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Military drills anger North Korea

South Korea conducted live-fire military drills Monday near its disputed sea boundary with North Korea despite Pyongyang's threat to respond with a "merciless" attack.

North Korea did not carry out the threat as it focuses on internal stability two months after the death of longtime leader Kim Jong Il and prepares for nuclear disarmament talks with the United States later this week. But with American forces scheduled to conduct additional military exercises with ally South Korea over the next few months, tensions are expected to remain high in the region.

The United States and North Korea's neighbors are closely watching how new leader Kim Jong Un, Kim Jong Il's son, navigates strained ties with rival South Korea, the planned U.S.-South Korean military drills and a long-running standoff over the country's nuclear weapons programs.

South Korea's drills took place Monday in an area of the Yellow Sea that was the target of a North Korean artillery attack in 2010 that killed four South Koreans and raised fears of a wider conflict. North Korea called the latest exercise a "premeditated military provocation" and warned it would retaliate for what it considered an attack on its territory.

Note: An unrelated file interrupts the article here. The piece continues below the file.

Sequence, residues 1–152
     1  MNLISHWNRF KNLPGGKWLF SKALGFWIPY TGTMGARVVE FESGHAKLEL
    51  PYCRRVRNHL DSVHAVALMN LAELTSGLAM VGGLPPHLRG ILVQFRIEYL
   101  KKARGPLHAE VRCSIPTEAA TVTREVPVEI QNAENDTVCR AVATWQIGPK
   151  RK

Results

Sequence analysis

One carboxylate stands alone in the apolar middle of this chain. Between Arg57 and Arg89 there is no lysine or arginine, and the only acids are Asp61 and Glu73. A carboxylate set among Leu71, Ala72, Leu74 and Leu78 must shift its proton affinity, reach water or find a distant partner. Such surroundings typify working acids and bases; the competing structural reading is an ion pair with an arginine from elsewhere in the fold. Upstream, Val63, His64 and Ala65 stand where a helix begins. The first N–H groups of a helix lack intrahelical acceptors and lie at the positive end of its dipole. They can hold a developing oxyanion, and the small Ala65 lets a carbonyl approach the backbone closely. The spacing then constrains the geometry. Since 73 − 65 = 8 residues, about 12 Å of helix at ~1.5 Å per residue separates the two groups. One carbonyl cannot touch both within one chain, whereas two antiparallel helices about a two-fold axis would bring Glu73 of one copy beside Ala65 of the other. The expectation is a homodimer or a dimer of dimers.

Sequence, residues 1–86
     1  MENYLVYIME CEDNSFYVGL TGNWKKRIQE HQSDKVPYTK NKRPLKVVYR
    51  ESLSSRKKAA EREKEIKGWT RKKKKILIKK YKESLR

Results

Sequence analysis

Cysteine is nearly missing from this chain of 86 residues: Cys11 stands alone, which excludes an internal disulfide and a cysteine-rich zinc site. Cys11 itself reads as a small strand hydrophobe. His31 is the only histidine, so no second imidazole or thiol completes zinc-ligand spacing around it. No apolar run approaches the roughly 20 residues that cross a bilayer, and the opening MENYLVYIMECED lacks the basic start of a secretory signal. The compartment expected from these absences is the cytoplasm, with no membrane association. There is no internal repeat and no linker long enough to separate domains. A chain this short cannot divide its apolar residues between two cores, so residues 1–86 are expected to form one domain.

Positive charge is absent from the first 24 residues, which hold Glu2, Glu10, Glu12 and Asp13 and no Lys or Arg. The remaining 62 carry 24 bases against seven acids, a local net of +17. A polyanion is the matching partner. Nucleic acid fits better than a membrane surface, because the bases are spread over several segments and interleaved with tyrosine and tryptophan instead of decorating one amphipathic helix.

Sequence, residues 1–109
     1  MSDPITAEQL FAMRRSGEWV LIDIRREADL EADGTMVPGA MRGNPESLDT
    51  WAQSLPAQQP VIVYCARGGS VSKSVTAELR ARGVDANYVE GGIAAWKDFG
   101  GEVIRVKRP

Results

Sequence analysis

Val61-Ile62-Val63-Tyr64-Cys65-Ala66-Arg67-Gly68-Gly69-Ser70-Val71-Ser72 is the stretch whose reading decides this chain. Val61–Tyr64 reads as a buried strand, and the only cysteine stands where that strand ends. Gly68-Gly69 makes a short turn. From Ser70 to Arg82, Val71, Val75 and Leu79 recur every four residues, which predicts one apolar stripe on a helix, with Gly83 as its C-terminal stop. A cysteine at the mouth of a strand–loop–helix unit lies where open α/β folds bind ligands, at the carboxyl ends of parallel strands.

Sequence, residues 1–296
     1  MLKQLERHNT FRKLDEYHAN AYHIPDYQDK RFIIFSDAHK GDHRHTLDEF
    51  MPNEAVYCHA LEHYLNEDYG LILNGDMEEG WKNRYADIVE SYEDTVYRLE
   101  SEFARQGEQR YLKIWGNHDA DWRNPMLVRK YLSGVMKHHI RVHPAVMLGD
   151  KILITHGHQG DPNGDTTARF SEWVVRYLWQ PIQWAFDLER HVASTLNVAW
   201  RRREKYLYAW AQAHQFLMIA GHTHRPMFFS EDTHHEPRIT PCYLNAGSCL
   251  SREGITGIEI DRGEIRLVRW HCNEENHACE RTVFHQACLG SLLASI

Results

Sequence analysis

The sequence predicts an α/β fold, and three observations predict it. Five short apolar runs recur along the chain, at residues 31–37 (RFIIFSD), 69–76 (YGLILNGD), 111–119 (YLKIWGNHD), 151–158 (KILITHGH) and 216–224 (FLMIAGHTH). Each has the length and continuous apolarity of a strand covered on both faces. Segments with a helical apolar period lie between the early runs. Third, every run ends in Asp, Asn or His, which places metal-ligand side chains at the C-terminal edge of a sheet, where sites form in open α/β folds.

A North Korean officer told an Associated Press staffer in Pyongyang on Sunday that North Koreans would respond to any provocation with "merciless retaliatory strikes."

North Korea is prepared for a "total war," and the drills will lead to a "complete collapse" of ties between the Koreas, the North's Committee for the Peaceful Reunification of Korea said in a statement carried Monday by the official Korean Central News Agency.

Later Monday, South Korean troops on five islands near the disputed sea boundary fired artillery southward, away from nearby North Korea, a South Korean Defense Ministry official said on condition of anonymity.

North Korea's military maintained increased vigilance during Monday's drills, which ended after about two hours, though Seoul saw nothing suspicious, a South Korean Joint Chiefs of Staff officer said.

Analysts said the threats allow Pyongyang to show its anger over what it sees as a violation of its territory, but an immediate attack was unlikely during what is a delicate time for inter-Korean and U.S.-North Korean relations and for internal North Korean politics.